Social media is everywhere, and the world’s heavy use of it could equal a major revenue source for your next conference or event. Here’s how to make social media work for you, according to Alex Plaxen, president and founder of Little Bird Told Media and host of a recent Visit Alexandria webinar entitled, “#Money: Sponsorship in the Age of Social Media.”
Sell the hashtag
Hashtags can be categorized on different levels, especially when it comes to an event. While the primary hashtag calls out your main event, it is the secondary categories that you can sell to sponsors, providing them with distinct exclusivity tied to your event. Let’s say our primary hashtag is #AlexMeetUp – a conference for meeting planners in Alexandria, Virginia. Secondary hashtags can take several forms:
- Tribalization: a hashtag connected to a specific segment within the group such as first-time attendees (#AlexMeetUpFirsttimers)
- Customer service: a help desk or service (#AlexMeetUpConcierge)
- Campaign: a specific campaign, like a membership drive(#AlexMeetUpMembers)
- Future events: Next year’s conference(#AlexMeetUp18)
There are six important steps to take when creating and using a salable hashtag.
- Search it: make sure no one else is using it. Search social media and the web as well, so you don’t miss a recent or intended future use.
- Advertise it: get it out there. More eyes = more use = more money.
- Use it: don’t just advertise it, use it yourself. But always in conjunction with the main event hashtag.
- Track it: set up tracking services to gather data.
- Quantify it: use the data to determine who used your hashtag and how often.
- Assign value: Determine what your hashtag is worth.
You can also make money by selling your activations and activities that already naturally occur at your events. Put a sponsored hashtag on all your activations and track usage. Examples include:
- Selfie spots: attendees want to show where they are. Find those spots where they will want to take a selfie—a cool back drop, big sign—and sponsor the selfie spot with a giant floor sign.
- Social media lounge: provide the perfect place for attendees to hang out and for a sponsor to connect with attendees.
- Social media team: create a team of folks to wander the floor and answer questions. Sponsor their T-shirts and you have roving billboards!
- Social media command center: maybe you have an area where a team is monitoring and answering attendee’s posts. If so, sponsor it.
- Tweet walls: showing off what attendees are posting? Sponsor it!
- Charging stations: a must to offer at any conference and easily sponsorable.
- Snapchat geofilters: very easily trackable and you can pick the location and time when you want it available. The best news is that Facebook and Twitter will soon have similar functions!
If you really want to make money selling social media, you need to be able to show your sponsors ROI. In determining ROI it helps to understand what possible sponsors want to achieve, what action sponsors want their audience to take and what measurement can you use to prove you delivered. Social media is innately salable because unlike standard forms of advertising, it is distinctly measurable.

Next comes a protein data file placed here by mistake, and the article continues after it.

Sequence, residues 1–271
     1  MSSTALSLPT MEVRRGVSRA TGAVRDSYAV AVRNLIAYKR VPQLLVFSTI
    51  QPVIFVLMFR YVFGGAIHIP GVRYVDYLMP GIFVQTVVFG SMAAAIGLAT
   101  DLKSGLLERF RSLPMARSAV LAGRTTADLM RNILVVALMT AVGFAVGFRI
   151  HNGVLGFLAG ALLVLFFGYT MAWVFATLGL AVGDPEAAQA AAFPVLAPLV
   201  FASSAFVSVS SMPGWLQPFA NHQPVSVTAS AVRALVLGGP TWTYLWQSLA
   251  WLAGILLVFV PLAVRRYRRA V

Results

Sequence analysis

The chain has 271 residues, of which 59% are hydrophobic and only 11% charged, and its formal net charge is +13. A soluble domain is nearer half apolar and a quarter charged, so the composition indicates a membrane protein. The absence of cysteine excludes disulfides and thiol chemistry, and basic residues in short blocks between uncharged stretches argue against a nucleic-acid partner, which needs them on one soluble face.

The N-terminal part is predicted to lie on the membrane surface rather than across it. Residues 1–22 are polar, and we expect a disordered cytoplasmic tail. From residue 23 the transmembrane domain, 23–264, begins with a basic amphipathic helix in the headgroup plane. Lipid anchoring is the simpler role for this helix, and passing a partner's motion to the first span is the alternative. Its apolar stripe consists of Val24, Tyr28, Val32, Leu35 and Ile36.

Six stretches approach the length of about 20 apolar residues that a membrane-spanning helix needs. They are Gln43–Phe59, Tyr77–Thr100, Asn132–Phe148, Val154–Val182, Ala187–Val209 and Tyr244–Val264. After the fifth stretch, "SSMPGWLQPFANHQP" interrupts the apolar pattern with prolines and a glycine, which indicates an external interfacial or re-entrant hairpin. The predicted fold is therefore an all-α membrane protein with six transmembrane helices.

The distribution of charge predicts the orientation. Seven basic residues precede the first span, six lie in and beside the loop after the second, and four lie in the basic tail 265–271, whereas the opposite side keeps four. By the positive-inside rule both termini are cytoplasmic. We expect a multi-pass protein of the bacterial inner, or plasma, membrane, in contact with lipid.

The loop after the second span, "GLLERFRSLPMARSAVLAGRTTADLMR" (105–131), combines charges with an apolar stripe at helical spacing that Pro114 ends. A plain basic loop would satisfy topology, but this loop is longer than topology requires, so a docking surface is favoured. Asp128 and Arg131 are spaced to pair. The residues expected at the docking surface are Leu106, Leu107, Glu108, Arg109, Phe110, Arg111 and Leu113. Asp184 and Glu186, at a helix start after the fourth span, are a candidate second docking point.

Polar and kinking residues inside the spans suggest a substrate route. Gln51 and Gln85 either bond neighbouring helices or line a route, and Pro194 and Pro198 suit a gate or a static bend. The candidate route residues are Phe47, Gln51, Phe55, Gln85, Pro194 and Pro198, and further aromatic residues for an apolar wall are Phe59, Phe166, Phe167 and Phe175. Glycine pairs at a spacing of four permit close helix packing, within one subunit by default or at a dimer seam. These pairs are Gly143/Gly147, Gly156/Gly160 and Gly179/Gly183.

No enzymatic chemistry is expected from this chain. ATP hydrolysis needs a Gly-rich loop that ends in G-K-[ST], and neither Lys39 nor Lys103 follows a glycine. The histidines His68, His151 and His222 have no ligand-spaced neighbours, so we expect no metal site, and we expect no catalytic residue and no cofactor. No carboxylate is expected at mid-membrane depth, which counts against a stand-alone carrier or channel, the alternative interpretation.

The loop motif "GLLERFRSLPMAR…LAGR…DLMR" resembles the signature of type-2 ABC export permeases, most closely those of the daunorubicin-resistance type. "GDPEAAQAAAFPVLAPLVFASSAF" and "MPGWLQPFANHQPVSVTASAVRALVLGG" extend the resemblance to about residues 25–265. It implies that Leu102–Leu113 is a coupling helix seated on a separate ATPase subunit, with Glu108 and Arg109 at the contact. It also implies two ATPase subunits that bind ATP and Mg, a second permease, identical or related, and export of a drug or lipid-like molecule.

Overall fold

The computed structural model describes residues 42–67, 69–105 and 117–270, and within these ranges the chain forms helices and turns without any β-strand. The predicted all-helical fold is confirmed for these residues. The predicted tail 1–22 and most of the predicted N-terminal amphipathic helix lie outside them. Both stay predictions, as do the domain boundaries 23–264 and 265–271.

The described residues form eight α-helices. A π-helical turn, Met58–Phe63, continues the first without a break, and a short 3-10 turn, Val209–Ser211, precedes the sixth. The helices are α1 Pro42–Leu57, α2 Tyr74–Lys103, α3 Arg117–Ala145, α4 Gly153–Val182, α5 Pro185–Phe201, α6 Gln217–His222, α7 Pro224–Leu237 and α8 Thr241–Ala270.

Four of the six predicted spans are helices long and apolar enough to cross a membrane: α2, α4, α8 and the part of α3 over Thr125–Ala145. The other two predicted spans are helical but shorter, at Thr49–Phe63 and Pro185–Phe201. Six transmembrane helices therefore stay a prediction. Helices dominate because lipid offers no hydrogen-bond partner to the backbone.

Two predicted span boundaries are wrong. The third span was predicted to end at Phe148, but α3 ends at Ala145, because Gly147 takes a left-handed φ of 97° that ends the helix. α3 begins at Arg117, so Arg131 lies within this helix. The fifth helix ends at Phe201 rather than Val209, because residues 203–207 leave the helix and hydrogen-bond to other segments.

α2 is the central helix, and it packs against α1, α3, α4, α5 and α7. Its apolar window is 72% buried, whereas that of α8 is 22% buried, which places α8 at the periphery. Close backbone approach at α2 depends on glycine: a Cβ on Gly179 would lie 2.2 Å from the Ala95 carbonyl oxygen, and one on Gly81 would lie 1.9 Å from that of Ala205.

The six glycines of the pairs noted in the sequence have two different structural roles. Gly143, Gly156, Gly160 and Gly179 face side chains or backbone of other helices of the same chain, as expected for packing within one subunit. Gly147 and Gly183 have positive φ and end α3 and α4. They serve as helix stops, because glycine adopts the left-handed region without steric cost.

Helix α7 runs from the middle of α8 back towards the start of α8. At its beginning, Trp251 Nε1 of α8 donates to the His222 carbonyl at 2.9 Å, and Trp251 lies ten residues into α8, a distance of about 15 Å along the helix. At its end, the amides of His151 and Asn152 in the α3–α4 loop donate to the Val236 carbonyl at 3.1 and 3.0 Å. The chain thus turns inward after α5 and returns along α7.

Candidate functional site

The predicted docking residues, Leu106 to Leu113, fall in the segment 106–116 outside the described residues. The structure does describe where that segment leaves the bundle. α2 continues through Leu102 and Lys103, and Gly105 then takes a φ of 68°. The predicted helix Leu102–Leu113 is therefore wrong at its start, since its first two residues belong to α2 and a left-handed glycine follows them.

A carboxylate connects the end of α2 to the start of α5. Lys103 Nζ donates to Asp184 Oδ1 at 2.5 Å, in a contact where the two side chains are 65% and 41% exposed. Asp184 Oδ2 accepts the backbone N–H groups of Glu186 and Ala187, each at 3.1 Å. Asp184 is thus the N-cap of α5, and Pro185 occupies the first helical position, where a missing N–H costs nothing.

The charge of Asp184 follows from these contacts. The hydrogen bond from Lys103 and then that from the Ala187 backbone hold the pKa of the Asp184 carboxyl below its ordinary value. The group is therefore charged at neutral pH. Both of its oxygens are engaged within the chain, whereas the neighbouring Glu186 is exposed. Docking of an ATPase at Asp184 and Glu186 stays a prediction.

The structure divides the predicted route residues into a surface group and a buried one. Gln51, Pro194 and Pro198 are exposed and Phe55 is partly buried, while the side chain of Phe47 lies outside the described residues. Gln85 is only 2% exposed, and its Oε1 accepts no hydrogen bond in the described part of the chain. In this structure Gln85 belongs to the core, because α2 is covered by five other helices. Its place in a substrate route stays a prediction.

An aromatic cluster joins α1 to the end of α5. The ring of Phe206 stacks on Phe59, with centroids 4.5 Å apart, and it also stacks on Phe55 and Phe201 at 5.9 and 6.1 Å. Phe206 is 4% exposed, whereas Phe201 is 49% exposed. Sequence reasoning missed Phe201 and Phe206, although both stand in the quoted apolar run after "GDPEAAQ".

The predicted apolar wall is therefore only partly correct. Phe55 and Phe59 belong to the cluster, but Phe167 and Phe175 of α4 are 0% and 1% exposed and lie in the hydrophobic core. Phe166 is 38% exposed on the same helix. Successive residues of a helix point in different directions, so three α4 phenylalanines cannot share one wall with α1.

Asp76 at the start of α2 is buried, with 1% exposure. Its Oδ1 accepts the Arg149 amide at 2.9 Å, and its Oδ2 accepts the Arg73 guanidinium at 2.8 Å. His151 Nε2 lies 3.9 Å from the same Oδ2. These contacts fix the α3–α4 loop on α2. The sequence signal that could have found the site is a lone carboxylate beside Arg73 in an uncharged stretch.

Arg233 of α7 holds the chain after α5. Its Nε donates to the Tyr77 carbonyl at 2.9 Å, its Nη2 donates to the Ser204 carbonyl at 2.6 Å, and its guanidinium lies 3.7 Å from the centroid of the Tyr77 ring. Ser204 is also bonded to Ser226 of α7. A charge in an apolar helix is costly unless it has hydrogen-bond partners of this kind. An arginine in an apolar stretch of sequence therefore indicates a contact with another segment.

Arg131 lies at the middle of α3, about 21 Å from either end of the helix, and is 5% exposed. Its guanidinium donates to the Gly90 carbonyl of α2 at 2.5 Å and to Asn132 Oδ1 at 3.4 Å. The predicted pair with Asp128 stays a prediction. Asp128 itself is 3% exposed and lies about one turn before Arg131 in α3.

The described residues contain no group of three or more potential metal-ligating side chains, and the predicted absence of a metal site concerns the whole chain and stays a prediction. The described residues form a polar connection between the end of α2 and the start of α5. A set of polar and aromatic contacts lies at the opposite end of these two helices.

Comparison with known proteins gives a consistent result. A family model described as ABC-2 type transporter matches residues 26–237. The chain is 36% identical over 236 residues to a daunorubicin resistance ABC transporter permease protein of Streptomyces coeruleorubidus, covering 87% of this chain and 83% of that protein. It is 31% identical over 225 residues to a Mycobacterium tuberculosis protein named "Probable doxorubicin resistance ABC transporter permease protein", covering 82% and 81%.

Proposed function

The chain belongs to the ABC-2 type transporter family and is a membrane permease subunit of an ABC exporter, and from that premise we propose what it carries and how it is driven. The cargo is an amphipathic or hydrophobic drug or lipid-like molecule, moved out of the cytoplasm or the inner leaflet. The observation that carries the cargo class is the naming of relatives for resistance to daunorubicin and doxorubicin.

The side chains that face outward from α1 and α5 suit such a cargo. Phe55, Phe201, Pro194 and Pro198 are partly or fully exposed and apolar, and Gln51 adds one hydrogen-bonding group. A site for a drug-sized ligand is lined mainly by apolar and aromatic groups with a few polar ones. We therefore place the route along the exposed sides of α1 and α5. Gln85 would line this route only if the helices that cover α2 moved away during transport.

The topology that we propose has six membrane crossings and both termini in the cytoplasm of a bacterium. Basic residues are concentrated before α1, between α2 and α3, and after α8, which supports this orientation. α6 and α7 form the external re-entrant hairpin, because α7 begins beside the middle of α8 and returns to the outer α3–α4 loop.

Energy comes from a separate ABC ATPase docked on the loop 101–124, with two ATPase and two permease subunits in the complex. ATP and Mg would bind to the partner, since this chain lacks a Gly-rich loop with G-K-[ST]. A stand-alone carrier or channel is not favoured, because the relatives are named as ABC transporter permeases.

Placing a value on posts is a relatively simple process. To do so, you need administrative access to the profiles on our social media channels so you can determine:
- Average reach for various post types including link posts, video posts and image posts
- Average various boosted-post budgets to determine approximate reach per dollar spent
- Average cost per view/reach
- Multiply average reach by average click through (industry standard for click through is 10%)
- Multiply average engagement by the approximate click-through cost (Industry standard for click-through cost is $1)
- Note that if boosting posts, you can charge more
To be a good partner to your sponsor, meet their goals and provide true ROI you need to understand and utilize certain analytics when creating a sponsorship opportunity:
- Audience profile: look at your demographic data to determine your audience. Make sure your audience is relevant to any sponsors you approach.
- Audience size: is your audience large enough for the sponsor? Tracking your growth rate can also help. Even if your audience is not large, if it is growing quickly it may attract a sponsor.
- Content analysis: know what content resonates with your attendees. If link posts are not popular with your group, don’t sell link posts as part of the sponsorship.
- Competitive benchmarking: look at what is working for your competitors.
- Community responsiveness: is your team quick to engage? Responsiveness is an attribute you can sell.
- Sentiment analysis: if attendees have a positive sentiment towards your brand it is certainly more salable. Point that out.
- Traffic: know how many people are clicking through and create a unique link for each social media platform to better track which platforms work best for you.
- Reach and engagement: both are valuable, so measure each.
Utilizing the above analytics can help you understand and sell your strengths as well as avoid your weaknesses. Lastly, when you go to sell, package it up. Bundle a set number of different types of posts and activations to give the sponsor varied, trackable visibility. With the right hashtag, targeted posts, strong activations and a plan to prove ROI, you are all set to create a money-making sponsorship opportunity for your next event.
To learn more, listen to Alex’s full webinar here.
Insider Tip: Make it easy! Download Alex’s social media sponsorship valuation template here.